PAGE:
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Voters In North Carolina To Decide The Final Race From The 2018 Midterms On Tuesday


Voters in North Carolina are deciding the final race from the 2018 midterms tomorrow. That's right - the 2018 midterms. The original returns from last November were very close, but those results were thrown out after an investigation uncovered possible vote tampering by a Republican operative, which brings us to tomorrow's race. That's between Republican Dan Bishop and Democrat Dan McCready. It is neck and neck, and it's being seen as a preview of what is to come in 2020. Tonight President Trump is campaigning there to help Republicans hold on.

Well, NPR political reporter Jessica Taylor is following all this. She's in the studio. Hi, there.


KELLY: All right, so we're talking - this is the ninth district in North Carolina - big district, traditional GOP district. It does not include the city of Charlotte, but it does include a lot of Charlotte suburbs, which is a big deal because it was in the suburbs of big cities where the election was won and lost for Republicans last year. Is that why this district is so competitive again?

TAYLOR: Yes. Now, President Trump won this district by 12 points in 2016, and Republicans have held this district for more than 50 years, but Democrats are zeroing in again on those fast-growing Charlotte suburbs to try to boost turnout. But Republicans, they need to focus on the more rural areas of the district. That's why you see President Trump going there to try to boost his supporters, many of whom stayed home last time, to show how important this is.

And so there's sort of a one-two punch happening today. Vice President Mike Pence campaigned just outside of Charlotte in the district's most conservative area, and then Trump tonight is in Fayetteville on the other side of the district. But it's a very conservative area, a very military-heavy district, and this is really where they need to boost turnout.

KELLY: All right, talk to me about the candidates. We know they're both named Dan. What else should we know about them?

TAYLOR: Democrat Dan McCready, he's a Marine Corps veteran, and he's been running for two years now. He's run a centrist campaign, like a lot of other Democrats successfully did in 2018. He's emphasizing health care and pocketbook issues, and he doesn't want to talk about other liberal issues like Medicare for all and the Green New Deal. He lost by just 905 votes last year, and the Republican whose victory was thrown out decided not to run again in the do-over election.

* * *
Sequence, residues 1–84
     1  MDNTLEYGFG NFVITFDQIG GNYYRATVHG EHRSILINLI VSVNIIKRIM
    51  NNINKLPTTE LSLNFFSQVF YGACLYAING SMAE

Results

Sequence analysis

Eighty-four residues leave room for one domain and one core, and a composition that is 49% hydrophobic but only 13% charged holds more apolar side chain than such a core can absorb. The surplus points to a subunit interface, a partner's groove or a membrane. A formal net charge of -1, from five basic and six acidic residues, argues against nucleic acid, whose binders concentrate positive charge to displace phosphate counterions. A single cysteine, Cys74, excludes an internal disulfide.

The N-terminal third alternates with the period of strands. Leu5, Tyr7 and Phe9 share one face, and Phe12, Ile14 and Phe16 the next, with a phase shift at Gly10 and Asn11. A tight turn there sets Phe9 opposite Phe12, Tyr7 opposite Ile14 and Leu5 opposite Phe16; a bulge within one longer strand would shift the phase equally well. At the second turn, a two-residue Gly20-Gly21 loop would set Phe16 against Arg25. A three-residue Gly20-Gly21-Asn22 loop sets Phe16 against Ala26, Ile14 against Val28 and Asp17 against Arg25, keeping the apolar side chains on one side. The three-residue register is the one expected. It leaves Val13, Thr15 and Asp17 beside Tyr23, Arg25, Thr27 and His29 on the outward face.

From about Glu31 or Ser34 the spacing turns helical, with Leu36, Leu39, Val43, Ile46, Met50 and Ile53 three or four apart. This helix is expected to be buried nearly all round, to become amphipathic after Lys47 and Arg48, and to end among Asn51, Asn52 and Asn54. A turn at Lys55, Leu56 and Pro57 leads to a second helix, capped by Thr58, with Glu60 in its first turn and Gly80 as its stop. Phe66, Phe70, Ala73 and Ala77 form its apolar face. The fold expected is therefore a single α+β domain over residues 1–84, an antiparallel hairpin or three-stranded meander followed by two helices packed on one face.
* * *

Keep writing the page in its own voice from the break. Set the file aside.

So you have Dan Bishop running. He's a state senator, and he's perhaps best known for authoring the state's controversial so-called bathroom bill that mandated people to use the restroom of their gender that they were assigned at birth. But Democrats aren't even really hitting him on this. They're going after him over his votes against expanding Medicaid and a vote against cutting prescription drug costs.

Now, he does come from the Charlotte area, and he did actually win in a very tough climate in 2018, but Bishop, he's running in the kind of campaign that House Republicans have already signaled they're going to run in 2020 - tying Democrats as closely to socialism as they can and tying themselves very close to President Trump. You know, his ads have already invoked people like the squad - New York Congresswoman Alexandra Ocasio-Cortez and Minnesota Congresswoman Ilhan Omar.

KELLY: And should we gather from the fact that the president is there tonight that this is a very important race for Republicans?

TAYLOR: Yes. Republicans cannot afford a loss in this red of a seat. There are only four Democrats currently in the House who represent a more conservative seat than this one. That's why you've seen Republicans pour more than $6 million in this seat to try to save it.

KELLY: NPR's Jessica Taylor, thank you.

TAYLOR: Thank you. Transcript provided by NPR, Copyright NPR.

Jessica Taylor is a political reporter with NPR based in Washington, DC, covering elections and breaking news out of the White House and Congress. Her reporting can be heard and seen on a variety of NPR platforms, from on air to online. For more than a decade, she has reported on and analyzed House and Senate elections and is a contributing author to the 2020 edition of The Almanac of American Politics and is a senior contributor to The Cook Political Report.